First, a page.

• A 2-week-old newborn is brought to the physician because his lips have turned blue on three occasions during feeding. His BP is 75/45, Pulse is 170, and RR is 44. A grade 3/6, harsh, systolic ejection murmur is heard at the left upper sternal border. A CXR shows a small boot-shaped heart and decreased pulmonary vascular markings.
  • Most common cyanotic congenital cardiac abnormality
    • result of anterosuperior displacement of infundibular septum
    • caused by abnormal migration of neural crest cells 
  • Consists of four, distinct physical defects including 
    • VSD 
    • overriding aorta
      • overrides the VSD
    • pulmonary stenosis
      • most important determinant for prognosis 
        • cyanosis may or may not be present depending on degree of stenosis
    • RVH
      • result of increased afterload caused by pulmonary stenosis
  • Risk factors include
    • Down syndrome
    • cri-du-chat syndrome
    • trisomy 13/18
  • Symptoms
    • presentations can range broadly during infancy with
      • "tet spells"
        • acute cyanosis and dyspnea that
          • develop over the first 6 months of life
          • caused by right to left shunt
            • a result of ↑ pressure caused by stenotic pulmonic valve
        • may occur during crying or when overheated or panicked
      • acyanotic "pink tet"
        • infant who has TOF but is not cyanotic is called a "pink tet"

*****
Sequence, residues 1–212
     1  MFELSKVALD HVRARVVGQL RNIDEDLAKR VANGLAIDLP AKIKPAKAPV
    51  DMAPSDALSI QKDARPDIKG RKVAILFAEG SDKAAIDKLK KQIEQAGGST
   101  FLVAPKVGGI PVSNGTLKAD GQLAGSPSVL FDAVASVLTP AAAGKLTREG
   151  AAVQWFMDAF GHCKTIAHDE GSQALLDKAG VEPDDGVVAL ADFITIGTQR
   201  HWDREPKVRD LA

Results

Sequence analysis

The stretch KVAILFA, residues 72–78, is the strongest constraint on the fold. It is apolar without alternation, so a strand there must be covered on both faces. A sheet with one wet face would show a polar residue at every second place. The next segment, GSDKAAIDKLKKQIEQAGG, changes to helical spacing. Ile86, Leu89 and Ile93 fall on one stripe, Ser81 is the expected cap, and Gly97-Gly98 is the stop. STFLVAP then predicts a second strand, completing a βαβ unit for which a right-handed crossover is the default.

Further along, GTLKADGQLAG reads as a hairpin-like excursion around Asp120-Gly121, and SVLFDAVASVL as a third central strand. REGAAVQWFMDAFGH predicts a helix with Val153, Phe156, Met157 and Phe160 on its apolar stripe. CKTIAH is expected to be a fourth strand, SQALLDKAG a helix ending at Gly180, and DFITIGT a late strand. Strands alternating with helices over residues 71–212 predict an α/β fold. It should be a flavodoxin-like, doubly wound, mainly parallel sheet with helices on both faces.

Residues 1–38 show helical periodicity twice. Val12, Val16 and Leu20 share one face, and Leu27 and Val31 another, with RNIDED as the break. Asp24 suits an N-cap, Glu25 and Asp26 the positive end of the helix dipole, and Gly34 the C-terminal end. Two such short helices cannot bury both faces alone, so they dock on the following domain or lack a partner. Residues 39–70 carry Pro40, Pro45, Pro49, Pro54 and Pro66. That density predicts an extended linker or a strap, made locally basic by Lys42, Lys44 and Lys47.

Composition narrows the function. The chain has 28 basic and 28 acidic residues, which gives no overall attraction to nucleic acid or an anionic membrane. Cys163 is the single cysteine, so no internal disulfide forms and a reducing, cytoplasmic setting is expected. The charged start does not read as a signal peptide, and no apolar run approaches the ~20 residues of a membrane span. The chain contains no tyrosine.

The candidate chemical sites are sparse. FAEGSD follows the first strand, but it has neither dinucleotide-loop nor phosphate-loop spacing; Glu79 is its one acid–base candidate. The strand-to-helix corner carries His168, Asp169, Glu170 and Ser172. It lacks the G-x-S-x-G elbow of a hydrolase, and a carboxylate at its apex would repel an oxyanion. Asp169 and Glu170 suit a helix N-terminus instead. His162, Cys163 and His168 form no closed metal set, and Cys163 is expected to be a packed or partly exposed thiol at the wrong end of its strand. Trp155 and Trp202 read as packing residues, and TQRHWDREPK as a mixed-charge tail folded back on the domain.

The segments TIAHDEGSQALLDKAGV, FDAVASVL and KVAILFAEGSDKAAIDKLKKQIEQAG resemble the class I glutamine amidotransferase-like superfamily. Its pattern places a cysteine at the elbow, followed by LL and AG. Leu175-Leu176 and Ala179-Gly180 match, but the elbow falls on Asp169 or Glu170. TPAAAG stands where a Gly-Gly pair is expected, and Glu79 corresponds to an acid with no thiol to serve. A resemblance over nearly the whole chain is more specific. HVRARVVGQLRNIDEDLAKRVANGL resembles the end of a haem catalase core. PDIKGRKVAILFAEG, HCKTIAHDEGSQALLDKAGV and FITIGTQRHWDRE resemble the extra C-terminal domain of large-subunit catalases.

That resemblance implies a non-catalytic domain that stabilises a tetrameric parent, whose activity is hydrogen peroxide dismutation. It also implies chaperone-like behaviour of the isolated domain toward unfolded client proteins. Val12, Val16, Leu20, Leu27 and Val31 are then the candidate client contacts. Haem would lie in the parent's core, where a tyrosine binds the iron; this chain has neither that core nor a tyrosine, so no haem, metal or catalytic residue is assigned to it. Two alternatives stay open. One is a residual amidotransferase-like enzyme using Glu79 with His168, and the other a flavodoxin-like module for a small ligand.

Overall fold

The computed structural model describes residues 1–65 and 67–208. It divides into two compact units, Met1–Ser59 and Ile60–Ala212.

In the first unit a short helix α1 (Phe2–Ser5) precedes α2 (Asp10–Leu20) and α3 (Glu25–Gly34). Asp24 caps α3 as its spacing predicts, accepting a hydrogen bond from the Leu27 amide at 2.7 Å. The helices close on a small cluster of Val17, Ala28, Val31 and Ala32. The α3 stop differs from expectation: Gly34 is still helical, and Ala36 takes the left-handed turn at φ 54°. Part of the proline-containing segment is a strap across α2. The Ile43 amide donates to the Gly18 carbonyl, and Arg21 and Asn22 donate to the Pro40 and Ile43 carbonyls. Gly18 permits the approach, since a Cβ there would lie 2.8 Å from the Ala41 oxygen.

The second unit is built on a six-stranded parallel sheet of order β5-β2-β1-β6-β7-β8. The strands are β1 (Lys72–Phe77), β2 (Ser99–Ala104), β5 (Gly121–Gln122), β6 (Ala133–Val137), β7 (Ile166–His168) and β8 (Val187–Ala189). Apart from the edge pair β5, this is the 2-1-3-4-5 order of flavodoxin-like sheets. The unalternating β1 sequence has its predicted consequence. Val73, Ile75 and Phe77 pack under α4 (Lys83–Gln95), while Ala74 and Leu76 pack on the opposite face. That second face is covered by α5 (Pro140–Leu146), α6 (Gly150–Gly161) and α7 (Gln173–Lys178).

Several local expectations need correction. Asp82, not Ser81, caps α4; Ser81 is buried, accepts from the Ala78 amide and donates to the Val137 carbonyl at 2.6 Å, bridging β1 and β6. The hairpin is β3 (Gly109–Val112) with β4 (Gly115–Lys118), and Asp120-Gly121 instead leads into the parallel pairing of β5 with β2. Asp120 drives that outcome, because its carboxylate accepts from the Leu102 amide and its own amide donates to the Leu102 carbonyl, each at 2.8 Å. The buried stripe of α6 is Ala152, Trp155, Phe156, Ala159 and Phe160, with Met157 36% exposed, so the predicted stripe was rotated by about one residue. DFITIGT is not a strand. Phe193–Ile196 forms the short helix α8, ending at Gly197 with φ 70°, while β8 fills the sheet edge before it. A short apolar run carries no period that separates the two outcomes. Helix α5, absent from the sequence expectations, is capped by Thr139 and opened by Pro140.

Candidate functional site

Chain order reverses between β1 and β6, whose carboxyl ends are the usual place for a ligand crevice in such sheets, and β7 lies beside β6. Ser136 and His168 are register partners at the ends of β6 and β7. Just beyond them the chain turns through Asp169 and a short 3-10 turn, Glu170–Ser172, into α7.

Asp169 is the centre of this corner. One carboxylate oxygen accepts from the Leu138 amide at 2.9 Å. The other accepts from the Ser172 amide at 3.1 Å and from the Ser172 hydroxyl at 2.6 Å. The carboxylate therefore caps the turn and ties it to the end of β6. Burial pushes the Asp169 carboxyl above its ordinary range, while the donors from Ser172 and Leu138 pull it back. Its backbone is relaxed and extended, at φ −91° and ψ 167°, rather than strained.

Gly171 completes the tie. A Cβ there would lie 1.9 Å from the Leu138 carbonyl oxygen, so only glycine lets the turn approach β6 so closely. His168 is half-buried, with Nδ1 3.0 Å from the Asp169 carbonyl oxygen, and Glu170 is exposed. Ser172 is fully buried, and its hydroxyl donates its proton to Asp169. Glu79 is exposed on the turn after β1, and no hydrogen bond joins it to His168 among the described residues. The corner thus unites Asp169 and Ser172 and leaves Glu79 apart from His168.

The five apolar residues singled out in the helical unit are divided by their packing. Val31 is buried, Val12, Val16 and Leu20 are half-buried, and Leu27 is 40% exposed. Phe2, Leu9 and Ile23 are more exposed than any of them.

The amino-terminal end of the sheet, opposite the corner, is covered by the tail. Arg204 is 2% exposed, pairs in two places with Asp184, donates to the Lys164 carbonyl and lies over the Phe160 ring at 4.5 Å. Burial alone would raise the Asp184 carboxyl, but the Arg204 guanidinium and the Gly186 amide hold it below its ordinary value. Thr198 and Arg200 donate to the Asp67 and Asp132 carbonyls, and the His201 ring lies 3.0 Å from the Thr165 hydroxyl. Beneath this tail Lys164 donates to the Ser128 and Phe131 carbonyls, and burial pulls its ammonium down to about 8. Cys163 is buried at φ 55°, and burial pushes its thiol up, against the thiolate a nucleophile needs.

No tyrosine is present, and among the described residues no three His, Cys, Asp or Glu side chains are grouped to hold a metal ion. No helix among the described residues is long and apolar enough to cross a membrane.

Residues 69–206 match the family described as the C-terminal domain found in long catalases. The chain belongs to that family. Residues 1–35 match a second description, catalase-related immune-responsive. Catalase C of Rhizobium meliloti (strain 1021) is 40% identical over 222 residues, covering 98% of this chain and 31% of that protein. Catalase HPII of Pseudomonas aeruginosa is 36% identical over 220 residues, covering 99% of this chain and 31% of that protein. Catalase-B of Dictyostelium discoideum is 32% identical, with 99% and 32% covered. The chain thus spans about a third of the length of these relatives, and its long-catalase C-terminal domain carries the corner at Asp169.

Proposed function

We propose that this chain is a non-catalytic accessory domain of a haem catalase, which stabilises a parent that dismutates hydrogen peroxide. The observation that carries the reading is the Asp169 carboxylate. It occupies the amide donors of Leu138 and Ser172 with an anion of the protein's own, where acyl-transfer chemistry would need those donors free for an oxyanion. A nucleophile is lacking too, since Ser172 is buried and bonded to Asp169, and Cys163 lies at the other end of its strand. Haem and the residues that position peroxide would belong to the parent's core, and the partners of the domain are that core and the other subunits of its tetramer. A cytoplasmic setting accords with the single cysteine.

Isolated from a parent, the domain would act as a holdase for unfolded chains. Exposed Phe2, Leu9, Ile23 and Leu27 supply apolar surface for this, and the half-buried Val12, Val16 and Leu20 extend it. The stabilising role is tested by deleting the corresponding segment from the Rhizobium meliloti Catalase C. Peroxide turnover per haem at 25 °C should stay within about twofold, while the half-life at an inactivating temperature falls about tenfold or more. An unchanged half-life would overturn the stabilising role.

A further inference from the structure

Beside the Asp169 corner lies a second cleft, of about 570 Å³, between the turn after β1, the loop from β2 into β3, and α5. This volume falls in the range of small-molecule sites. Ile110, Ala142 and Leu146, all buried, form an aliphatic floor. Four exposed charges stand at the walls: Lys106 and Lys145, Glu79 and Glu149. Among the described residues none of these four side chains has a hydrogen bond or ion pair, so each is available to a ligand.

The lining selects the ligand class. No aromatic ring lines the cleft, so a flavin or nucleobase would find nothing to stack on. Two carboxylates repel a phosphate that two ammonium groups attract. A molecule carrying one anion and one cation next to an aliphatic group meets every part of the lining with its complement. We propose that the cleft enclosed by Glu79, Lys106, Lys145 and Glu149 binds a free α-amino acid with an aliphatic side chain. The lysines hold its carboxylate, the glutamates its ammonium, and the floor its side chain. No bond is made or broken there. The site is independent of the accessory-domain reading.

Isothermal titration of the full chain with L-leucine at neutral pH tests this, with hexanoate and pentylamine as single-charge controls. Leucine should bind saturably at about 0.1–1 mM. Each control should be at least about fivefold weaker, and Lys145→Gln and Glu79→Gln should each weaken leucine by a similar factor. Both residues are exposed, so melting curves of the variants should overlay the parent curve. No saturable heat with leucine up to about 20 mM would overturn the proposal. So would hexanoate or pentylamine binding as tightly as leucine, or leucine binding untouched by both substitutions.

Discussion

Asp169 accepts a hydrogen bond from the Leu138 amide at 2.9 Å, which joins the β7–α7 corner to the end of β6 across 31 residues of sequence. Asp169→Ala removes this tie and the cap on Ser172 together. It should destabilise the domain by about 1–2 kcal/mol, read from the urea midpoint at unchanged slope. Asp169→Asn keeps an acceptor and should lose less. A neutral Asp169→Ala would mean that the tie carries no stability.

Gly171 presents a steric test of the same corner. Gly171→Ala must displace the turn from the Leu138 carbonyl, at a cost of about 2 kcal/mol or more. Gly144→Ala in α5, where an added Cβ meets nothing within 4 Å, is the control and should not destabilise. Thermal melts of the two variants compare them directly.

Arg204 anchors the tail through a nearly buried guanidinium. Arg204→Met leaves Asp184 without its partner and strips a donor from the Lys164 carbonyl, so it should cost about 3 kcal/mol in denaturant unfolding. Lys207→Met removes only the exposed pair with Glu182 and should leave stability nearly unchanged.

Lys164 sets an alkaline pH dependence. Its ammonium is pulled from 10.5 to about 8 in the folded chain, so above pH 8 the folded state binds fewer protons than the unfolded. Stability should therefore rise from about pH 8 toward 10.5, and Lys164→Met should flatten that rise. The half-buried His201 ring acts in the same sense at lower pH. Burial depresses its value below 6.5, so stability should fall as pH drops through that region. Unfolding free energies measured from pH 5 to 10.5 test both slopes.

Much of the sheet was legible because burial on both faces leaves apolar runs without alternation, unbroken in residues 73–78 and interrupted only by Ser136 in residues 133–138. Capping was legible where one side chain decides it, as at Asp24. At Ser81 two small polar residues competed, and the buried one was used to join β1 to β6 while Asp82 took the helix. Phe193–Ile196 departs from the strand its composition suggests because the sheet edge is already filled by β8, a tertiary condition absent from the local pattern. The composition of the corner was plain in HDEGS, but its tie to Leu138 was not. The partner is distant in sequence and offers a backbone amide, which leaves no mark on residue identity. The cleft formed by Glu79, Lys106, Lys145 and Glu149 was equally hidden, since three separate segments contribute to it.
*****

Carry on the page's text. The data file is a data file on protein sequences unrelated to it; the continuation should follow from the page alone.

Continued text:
• degree of cyanosis depends upon 
          • severity of pulmonary stenosis
          • direction of blood flow across the VSD
      • failure to thrive
      • mental status changes
      • child adopting a squatting posture
        • increasing SVR via compression of the femoral arteries
        • improves bloodflow across the VSD
        • allows blood to enter pulmonary circulation
  • Physical Exam
    • long, harsh, systolic ejection murmur at mid-left sternal border
    • single second heart sound (S2)
    • digital clubbing
  • CXR shows "boot-shaped heart
  • Prostaglandin E (PGE1)
    • keeps the ductus arteriosus patent in cyanotic newborns
      • allows collateral circulation to the lungs in spite of pulmonary stenosis
      • blood flows from the aorta through the ductus arteriosus to the pulmonary artery to the lungs
  • Surgical correction in children with a hypoxemic spells is necessary for repair

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